Mardi Gras is today, Fat Tuesday! There are parades and festivals and all kinds of revelry, although I have never been to these festivities in New Orleans….the Captain and I use this celebration as an excuse to eat cake, particularly King’s Cake!
As you know, I like to decorate, so I lay out masks and beads and make jambalaya and we have a couple friends over…Even though I collect dinnerware sets, most are service for four! So if we want matching dinnerware, etc….there can only be four of us at the table! 😉 See this tablescape described here.
Thanksgiving and Christmas dinnerware is the exception. I am fortunate to have service for 12…and though we would never turn any one away…I would have to combine extra dinnerware from other sets if more than 12 people attended….which I have done a time or two. 😉
The Mardi Gras King’s Cake is in my opinion, a coffee cake with yeast. More of a bread than a cake. However, the sweet filling and frosting make it sweet much like a cake. The colors of the frosting are not colors I would choose to put together, but they have a significance and are used in all types of celebrations and parades that occur in New Orleans this time of year. Very colorful and festive.
There is a powder sugar frosting which requires using 3 different food coloring bottles. Dark Purple, Dark Gold, and Kelly Green! I mix up one batch of frosting (which is white…divide the frosting into 3 bowls for the 3 colors, using food coloring drops to the mix to achieve the desired color.
The colored sugar can be made by stirring a few drops of food coloring into white sugar or you can buy the sugars already colored. I sometimes sprinkle with white sugar over the top of the 3 colored icings.
Below is the history of the King’s Cake, plus you will find a printable recipe below that.
The History of the King Cake for Mardi Gras:
Epiphany, celebrated in European countries, marks the coming of the wise men who brought gifts to the Christ Child. Epiphany is also called Little Christmas on the Twelfth Night, and is celebrated twelve nights after Christmas. People from all of the world celebrate Epiphany by exchanging gifts and feasting. A very popular custom that is still celebrated is the making of the “King’s Cake” which represents the three kings who brought gifts. A plastic baby is baked inside the King Cake, and the tradition is whoever receives the baby in their piece of cake must buy the next King Cake or throw the next party. King Cakes are made of a cinnamon filled dough in the shape of a hollow circle. The cake is topped with a delicious glazed topping and then sprinkled with colored sugar. The three colors of the sugar are Purple (representing Justice), Green (representing Faith) and Gold (representing Power). Today the King Cakes are baked with a wide assortment of fillings inside the cake. King Cake is the preferred dessert and snack in New Orleans during Mardi Gras. Hundreds of thousands of King Cakes are eaten in New Orleans during the Carnival season.
- 1 cup milk
- 1/4 cup butter
- 2 (.25 ounce) packages active dry yeast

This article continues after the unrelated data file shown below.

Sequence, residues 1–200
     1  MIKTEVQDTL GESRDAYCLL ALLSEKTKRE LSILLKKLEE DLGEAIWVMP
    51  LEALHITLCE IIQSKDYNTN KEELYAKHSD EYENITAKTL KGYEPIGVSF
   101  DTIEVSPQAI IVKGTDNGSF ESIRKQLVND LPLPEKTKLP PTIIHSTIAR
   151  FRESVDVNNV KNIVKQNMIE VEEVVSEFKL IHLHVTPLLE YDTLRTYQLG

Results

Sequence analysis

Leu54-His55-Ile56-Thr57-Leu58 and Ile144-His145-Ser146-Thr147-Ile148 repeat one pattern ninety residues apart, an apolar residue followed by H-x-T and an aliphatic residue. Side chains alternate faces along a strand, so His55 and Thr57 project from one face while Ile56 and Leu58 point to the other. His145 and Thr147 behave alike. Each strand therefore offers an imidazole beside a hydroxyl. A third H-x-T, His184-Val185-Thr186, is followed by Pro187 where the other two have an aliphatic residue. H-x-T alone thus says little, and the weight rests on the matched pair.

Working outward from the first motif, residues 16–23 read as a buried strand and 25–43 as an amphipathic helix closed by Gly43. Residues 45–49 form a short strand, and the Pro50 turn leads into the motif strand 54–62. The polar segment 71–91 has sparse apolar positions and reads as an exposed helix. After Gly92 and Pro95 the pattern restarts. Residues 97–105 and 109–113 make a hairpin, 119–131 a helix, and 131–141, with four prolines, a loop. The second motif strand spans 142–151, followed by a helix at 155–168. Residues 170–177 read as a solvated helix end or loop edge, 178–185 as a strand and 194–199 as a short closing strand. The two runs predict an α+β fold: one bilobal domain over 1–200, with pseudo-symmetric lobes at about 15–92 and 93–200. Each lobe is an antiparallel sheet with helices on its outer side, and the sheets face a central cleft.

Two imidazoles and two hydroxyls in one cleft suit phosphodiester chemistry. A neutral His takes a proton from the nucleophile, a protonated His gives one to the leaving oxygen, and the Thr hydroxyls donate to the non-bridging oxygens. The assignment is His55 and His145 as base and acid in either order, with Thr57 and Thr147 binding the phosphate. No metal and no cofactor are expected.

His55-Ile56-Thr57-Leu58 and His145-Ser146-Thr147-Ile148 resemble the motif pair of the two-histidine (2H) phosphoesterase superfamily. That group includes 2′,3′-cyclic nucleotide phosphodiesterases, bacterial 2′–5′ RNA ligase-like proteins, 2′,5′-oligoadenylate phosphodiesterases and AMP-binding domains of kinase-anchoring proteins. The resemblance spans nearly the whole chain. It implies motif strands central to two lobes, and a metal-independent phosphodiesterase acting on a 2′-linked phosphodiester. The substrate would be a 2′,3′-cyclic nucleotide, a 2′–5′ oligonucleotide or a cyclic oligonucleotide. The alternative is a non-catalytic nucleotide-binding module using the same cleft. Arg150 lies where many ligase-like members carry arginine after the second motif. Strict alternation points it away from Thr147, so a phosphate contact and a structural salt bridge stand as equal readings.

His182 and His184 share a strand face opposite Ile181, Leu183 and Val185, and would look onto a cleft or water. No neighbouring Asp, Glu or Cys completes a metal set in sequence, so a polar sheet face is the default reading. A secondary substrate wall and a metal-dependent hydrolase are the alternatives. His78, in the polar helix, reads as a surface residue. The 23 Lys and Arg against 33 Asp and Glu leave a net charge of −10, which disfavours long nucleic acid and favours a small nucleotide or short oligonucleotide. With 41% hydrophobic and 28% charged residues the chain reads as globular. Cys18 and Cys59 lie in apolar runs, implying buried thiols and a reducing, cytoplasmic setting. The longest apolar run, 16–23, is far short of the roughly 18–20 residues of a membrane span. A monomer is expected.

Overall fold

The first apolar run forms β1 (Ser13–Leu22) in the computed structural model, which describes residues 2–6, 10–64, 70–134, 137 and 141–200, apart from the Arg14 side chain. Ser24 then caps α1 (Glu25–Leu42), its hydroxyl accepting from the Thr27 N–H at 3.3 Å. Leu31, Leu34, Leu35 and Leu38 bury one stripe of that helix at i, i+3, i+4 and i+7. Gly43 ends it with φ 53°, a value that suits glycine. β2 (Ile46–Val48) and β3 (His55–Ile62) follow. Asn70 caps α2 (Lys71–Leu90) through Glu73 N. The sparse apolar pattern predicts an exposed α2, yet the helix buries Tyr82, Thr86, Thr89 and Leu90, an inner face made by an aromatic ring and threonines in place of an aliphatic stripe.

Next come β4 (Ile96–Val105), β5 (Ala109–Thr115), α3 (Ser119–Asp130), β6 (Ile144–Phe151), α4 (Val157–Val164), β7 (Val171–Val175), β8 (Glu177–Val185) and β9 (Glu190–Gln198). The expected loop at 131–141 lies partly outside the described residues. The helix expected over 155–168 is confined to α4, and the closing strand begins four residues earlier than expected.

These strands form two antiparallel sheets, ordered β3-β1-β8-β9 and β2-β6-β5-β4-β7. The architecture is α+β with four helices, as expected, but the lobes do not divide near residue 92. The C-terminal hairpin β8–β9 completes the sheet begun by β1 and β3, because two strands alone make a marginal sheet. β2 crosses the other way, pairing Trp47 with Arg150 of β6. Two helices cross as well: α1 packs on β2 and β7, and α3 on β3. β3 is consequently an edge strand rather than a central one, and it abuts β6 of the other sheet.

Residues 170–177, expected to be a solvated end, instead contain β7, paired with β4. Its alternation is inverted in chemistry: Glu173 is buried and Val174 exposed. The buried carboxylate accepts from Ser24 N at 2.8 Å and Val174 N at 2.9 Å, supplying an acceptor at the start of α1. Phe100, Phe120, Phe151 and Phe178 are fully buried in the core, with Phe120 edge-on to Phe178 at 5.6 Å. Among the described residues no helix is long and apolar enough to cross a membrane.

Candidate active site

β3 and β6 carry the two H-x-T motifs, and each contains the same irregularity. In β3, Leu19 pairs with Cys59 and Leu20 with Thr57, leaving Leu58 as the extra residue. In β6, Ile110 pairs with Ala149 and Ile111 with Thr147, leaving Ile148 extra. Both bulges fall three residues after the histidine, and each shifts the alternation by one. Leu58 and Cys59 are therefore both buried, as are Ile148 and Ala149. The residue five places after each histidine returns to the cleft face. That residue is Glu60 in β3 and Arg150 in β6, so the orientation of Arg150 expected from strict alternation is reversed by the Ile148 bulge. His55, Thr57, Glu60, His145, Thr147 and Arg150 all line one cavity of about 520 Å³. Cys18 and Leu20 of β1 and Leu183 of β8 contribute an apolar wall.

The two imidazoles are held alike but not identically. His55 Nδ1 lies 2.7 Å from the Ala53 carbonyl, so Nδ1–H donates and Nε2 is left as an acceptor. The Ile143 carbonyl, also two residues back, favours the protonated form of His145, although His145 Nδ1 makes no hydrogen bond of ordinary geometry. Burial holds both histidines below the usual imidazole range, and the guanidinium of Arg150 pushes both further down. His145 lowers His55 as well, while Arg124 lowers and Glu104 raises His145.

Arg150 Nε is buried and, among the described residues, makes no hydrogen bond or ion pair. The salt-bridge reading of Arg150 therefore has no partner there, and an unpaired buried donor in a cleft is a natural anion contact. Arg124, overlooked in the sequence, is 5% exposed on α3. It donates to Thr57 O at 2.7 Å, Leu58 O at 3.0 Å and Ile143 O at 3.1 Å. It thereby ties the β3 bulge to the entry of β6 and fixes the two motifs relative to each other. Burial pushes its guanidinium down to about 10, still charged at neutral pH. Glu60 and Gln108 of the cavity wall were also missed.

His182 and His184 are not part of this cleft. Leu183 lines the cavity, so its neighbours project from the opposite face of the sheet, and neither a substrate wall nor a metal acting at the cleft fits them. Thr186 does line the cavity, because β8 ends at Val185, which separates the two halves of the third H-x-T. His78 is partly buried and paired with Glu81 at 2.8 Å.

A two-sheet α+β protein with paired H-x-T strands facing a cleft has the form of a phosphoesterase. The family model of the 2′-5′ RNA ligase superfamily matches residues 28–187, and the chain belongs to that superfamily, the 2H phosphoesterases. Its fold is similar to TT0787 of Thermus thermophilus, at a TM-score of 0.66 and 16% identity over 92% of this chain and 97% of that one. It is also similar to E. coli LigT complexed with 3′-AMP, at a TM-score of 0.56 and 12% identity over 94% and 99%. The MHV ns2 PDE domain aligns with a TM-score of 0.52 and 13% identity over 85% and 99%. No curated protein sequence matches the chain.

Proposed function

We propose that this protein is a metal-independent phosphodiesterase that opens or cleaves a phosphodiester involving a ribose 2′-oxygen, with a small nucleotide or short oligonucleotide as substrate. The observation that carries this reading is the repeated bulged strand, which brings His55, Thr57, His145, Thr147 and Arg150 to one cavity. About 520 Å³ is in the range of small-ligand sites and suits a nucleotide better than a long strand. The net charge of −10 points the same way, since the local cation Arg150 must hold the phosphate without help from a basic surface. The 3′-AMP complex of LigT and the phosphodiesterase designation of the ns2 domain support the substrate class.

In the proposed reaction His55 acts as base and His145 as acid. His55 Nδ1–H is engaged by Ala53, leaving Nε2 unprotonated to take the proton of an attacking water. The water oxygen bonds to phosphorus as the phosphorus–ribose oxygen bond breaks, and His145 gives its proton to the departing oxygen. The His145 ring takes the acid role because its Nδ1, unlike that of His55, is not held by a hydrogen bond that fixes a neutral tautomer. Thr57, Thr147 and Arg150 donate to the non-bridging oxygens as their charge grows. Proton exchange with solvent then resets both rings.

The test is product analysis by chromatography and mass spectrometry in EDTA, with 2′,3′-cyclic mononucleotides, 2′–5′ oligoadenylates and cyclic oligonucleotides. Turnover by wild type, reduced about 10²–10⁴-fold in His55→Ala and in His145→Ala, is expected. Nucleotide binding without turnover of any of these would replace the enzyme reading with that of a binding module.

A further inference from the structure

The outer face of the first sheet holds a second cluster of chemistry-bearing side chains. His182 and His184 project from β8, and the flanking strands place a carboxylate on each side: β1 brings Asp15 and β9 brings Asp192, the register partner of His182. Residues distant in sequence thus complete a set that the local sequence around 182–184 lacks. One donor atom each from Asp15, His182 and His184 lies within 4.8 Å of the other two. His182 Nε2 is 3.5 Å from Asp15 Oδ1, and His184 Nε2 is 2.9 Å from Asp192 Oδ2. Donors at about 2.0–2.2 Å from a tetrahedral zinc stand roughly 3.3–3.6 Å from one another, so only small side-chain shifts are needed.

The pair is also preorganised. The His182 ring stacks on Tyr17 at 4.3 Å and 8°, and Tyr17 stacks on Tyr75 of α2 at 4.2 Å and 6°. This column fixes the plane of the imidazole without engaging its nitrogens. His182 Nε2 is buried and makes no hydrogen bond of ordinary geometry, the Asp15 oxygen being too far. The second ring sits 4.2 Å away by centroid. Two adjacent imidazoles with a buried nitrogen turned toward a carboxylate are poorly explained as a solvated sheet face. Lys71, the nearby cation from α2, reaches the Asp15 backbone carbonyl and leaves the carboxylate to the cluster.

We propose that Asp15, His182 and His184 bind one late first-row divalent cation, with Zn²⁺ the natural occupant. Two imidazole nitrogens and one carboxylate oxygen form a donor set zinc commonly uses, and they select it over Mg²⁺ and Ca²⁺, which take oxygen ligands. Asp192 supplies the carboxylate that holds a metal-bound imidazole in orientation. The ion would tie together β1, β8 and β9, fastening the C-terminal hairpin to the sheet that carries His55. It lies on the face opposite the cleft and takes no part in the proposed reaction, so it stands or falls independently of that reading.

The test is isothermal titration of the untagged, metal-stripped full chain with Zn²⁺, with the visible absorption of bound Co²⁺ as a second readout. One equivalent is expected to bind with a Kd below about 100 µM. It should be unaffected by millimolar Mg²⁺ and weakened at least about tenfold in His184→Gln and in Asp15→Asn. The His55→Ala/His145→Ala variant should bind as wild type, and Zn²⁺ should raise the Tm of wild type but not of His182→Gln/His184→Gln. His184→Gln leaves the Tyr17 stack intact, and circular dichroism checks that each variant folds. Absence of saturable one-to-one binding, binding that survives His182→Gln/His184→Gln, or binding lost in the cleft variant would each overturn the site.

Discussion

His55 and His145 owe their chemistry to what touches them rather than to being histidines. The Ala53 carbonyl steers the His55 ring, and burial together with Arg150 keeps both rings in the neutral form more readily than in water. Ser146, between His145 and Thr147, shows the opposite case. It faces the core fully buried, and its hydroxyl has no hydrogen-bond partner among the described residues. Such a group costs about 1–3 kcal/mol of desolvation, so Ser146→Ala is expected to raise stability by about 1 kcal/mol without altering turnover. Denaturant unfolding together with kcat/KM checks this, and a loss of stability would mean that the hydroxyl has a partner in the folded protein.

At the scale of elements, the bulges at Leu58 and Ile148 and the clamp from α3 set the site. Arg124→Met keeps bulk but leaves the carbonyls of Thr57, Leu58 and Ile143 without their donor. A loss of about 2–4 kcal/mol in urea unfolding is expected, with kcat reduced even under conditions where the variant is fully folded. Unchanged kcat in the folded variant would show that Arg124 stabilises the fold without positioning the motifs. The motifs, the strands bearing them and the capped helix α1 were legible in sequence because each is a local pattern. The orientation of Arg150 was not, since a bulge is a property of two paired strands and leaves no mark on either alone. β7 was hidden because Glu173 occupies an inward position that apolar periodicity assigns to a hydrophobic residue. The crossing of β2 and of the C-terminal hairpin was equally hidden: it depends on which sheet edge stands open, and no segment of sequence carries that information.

- 2/3 cup warm water (110 degrees F/45 degrees C)
- 1/2 cup white sugar
- 2 eggs
- 1 1/2 teaspoons salt
- 1/2 teaspoon freshly grated nutmeg
- 5 1/2 cups all-purpose flour
- 1 cup packed brown sugar
- 1 tablespoon ground cinnamon
- 2/3 cup chopped pecans
- 1/2 cup all-purpose flour
- 1/2 cup raisins
- 1/2 cup melted butter
- 1 cup confectioners' sugar
- 1 tablespoon water
- Scald milk, remove from heat and stir in 1/4 cup of butter.
- Allow mixture to cool to room temperature.
- In a large bowl, dissolve yeast in the warm water with 1 tablespoon of the white sugar.
- Let stand until creamy, about 10 minutes.
- When yeast mixture is bubbling, add the cooled milk mixture.
- Whisk in the eggs.
- Stir in the remaining white sugar, salt and nutmeg.
- Beat the flour into the milk/egg mixture 1 cup at a time.
- When the dough has pulled together, turn it out onto a lightly floured surface and knead until smooth and elastic, about 8 to 10 minutes.
- Lightly oil a large bowl, place the dough in the bowl and turn to coat with oil.
- Cover with a damp cloth or plastic wrap and let rise in a warm place until doubled in volume, about 2 hours.
- When risen, punch down and divide dough in half.
- Preheat oven to 375 degrees
- Grease 2 cookie sheets or line with parchment paper.
- Combine the brown sugar, ground cinnamon, chopped pecans, 1/2 cup flour and 1/2 cup raisins. Pour 1/2 cup melted butter over the cinnamon mixture and mix until crumbly.
- Roll dough halves out into large rectangles (approximately 10x16 inches or so).
- Sprinkle the filling evenly over the dough and roll up each half tightly like a jelly roll, beginning at the wide side.
- Bring the ends of each roll together to form 2 oval shaped rings.
- Place each ring on a prepared cookie sheet.
- With scissors make cuts 1/3 of the way through the rings at 1 inch intervals.
- Let rise in a warm spot until doubled in size, about 45 minutes.
- Bake in preheated oven for 30 minutes.
- Push the doll or toy into the bottom of the cake.
- Frost while warm with the confectioners' sugar blended with 1 to 2 tablespoons of water.
- Some people bake the doll into the cake while others just push the doll into the bottom of the cake. By the way...I have never gotten the doll even though I bake the cake...By the time we are ready to eat the cake....the cake platter has been rotated so many times, I have no idea where the doll is.
- Always advise guests to be careful as they bite down...don't want any broken teeth or swallowed dolls.;)
Thanks for stopping by….I just finished my prep for our Jambalaya for tonite’s dinner…..I have to confess, I had to have just a wee taste…ok, I had more than that!
Thanks for the great information, Kari.